Owing seeds of discontent: on BRAI bill

http://www.hindustantimes.com/editorial-views-on/Edits/Owing-seeds-of-discontent/Article1-919795.aspx

The UPA government has confirmed its disdain for agriculture by insisting on introducing the Bio-technology Regulatory Authority of India (BRAI) Bill, 2012. The Bill has faced opposition in every session since the monsoon session of 2011 when it was first scheduled for introduction since it plans to provide a single-window clearance to Genetically Modified (GM) crops.

Despite the moratorium on Bt Brinjal, there have been many attempts to cast aside concerns on GM crops and it is clear that the regulatory system proposed within the Bill is one such effort. An analysis of the Bill reveals its real intent to blatantly defend the interests of agri-businesses by promoting this technology with very limited checks.

The Bill also sidesteps the precautionary approach laid down by the Cartagena Protocol on bio-safety for national laws to regulate GMOs. While the preamble of the Bill claims that it adheres to the principles of bio-safety, an in-depth reading proves that it does not follow the protocol in letter and spirit. There is a clear conflict of interest in the Bill: it is championed by the ministry of science and technology, which is at the forefront of promoting GM crops and has also made significant investments to do the same.

One of the main reasons why Jairam Ramesh, the former minister for environment and forests, put a moratorium on Bt Brinjal was the lack of long-term bio-safety assessment studies. But the BRAI proposals have no provision for independent long-term bio-safety assessments, making this proposed regulatory system no better than the existing Genetic Engineering Approval Committee (GEAC) mechanism. The BRAI Bill also has no provision for the people to raise their concerns at different points of decision-making, which makes it undemocratic. Worse, the Bill goes a step further to override the Right to Information Act by making the BRAI the final authority to decide whether any information, including bio-safety studies, need to be made public.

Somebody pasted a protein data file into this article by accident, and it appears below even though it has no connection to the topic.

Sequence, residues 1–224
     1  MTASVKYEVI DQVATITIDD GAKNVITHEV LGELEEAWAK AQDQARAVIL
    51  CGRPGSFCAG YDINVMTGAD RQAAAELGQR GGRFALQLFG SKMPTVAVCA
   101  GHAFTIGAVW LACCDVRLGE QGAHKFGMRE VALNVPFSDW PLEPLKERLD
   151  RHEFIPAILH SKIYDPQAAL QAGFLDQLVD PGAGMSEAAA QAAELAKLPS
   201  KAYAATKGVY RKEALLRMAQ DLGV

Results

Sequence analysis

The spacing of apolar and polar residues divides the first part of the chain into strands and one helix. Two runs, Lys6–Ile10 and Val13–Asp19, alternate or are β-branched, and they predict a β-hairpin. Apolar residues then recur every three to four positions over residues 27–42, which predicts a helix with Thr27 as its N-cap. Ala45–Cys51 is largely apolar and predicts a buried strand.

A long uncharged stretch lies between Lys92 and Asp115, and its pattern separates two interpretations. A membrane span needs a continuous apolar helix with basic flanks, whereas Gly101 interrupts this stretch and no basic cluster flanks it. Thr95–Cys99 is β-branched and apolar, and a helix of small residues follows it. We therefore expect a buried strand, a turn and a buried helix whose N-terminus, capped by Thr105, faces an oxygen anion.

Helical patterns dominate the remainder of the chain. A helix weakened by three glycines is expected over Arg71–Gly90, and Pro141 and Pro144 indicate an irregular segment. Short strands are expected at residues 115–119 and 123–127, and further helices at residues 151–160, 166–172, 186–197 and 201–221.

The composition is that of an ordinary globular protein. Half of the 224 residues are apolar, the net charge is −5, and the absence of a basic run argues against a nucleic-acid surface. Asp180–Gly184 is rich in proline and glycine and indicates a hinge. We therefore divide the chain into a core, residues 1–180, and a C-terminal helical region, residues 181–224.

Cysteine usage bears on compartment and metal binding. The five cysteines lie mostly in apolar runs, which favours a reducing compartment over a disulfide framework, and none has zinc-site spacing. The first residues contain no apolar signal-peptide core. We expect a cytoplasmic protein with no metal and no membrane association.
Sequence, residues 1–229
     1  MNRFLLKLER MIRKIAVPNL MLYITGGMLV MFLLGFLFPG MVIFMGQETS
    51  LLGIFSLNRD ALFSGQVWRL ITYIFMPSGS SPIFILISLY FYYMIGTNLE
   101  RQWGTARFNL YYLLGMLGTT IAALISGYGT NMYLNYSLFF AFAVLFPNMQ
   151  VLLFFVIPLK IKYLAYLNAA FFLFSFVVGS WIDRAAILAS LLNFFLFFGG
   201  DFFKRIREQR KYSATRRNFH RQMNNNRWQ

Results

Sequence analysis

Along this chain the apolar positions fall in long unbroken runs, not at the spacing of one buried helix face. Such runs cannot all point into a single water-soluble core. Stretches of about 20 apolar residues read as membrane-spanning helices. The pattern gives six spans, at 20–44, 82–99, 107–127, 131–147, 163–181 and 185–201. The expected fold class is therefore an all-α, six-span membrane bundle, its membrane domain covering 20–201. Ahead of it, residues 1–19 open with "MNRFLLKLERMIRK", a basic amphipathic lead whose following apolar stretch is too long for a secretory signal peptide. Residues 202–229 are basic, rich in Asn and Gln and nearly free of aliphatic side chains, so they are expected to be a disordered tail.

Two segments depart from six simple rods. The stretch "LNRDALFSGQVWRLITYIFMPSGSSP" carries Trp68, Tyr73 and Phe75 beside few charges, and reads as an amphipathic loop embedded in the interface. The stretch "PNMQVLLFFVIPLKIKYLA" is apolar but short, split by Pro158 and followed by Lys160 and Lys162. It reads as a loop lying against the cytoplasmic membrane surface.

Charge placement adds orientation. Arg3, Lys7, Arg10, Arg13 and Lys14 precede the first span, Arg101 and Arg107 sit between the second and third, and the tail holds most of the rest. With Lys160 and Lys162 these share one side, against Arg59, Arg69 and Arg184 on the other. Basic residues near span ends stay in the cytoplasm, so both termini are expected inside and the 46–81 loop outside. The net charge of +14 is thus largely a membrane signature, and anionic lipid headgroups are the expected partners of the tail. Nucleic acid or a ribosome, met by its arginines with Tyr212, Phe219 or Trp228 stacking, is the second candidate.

Given the nature of damage that can be caused by GMOs, the liability should be high enough to act as a deterrent. The Bill states that the penalty for an unauthorised field trial will be imprisonment of not less than six months and a fine of R2 lakh. This is negligible considering the potential harm field trials could cause. The standard of liability laid down by this Bill is also not in conformity with the law laid down by the Supreme Court on the issue of absolute liability for hazardous activity. Furthermore, the Bill does not conform to the polluter pays principle laid down by the Supreme Court.

The BRAI proposal takes away the power of states to decide on open releases of GM crops in the name of experiments. Given that agriculture and public health are subjects under the state list and since the open release of GM crops poses a threat to both, taking away the powers of the states on this is in breach of the Constitution’s federal structure.

It is high time that the government listened to the legitimate concerns being raised on GM crops and the BRAI Bill, and ensured that such anti-people laws are not brought to Parliament. The BRAI proposal should undergo a pre-legislative consultation to suitably amend the provisions of the Bill.

Bhupender Yadav is a Rajya Sabha MP and a lawyer. The views expressed by the author are personal.

దిగుబడులకు బీటీ దెబ్బ: జి.వి. రామాంజనేయులు

http://www.andhrajyothy.com/EditorialShow.asp?qry=2012/aug/26/edit/26edit3&more=2012/aug/26/edit/editpagemain1&date=8/26/2012

ముఖాముఖి

జన్యుమార్పిడి పంటలపై మరిన్ని పరిశోధనలు, సరైన నియంత్రణ వ్యవస్థ లేకుండా ఫీల్డ్ ట్రయల్స్‌కు అనుమతించకూడదని పార్లమెంటరీ స్థాయీ సంఘం చేసిన సిఫార్సులపై దేశవ్యాప్తంగా చర్చ జరుగుతోంది. ఈ నేపథ్యంలో జన్యు మార్పిడి పంటలకు సంబంధించిన అంశాలపై పరిశ్రమవర్గాలు చెబుతున్న దానికి, పరిశోధనలలో తేలుతున్న నిజాలకు మధ్య చాలా వ్యత్యాసం కనిపిస్తుంది. ఈ నేపథ్యంలో జన్యుమార్పిడి పంటలకు సంబంధించిన వాస్తవాలు, భ్రమలపై అధ్యయనం చేస్తున్న ‘సెంటర్ ఫర్ సస్టేయనబుల్ అగ్రికల్చరల్’ సంస్థ ఎగ్జిక్యూటివ్ డైరక్టర్ జి.వి. రామాంజనేయులుతో ఈ వారం ముఖాముఖి..

బీటీ విత్తనాల వల్ల అనేక ప్రయోజనాలు ఉన్నాయని కంపెనీలు ప్రచారం చేస్తున్నాయి. కాని పరిశోధనలలో తేలుతున్న నిజాలు వేరే విధంగా ఉంటున్నాయి..?
బీటీ విత్తనాలు కరువు పరిస్థితులను కూడా తట్టుకొని నిలబడతాయని.. దిగుబడి ఎక్కువ వస్తుందని.. ఈ పంటలకు కలుపు మందులు వేయాల్సిన అవసరం లేదని.. పురుగులు ఎక్కువ రావనే ప్రచారం జరుగుతోంది. కాని ఈ ప్రచారం నిజం కాదు. బీటీ విత్తనాల వల్ల దిగుబడి బాగా పెరిగిందనేది పూర్తి అవాస్తవం. ఉదాహరణకు బీటీ పత్తిని తీసుకుందాం.

2001 నుంచి 2005 దాకా మన దేశంలో పత్తి దిగుబడి 78 శాతం పెరిగింది. దీనిలో కేవలం ఆరు శాతం విస్తీర్ణంలో మాత్రమే బీటీ విత్తనాలను వేశారు. ఇదే విధంగా 2006-11 సంవత్సరాల మధ్య చూస్తే- మొత్తం విస్తీర్ణం 80 శాతం పెరిగితే- దానిలో దిగుబడి రెండు శాతం పెరిగింది. ఈ రెండింటి «ఆధారంగా చూస్తే దిగుబడి పెరగటానికి బీటీ విత్తనాలు మాత్రమే కారణం కాదని అర్థమవుతుంది. అదనంగా సాగు కిందకు వచ్చిన భూమి పెరగటం మొదలైన ఇతర కారణాలు చాలా ఉన్నాయి.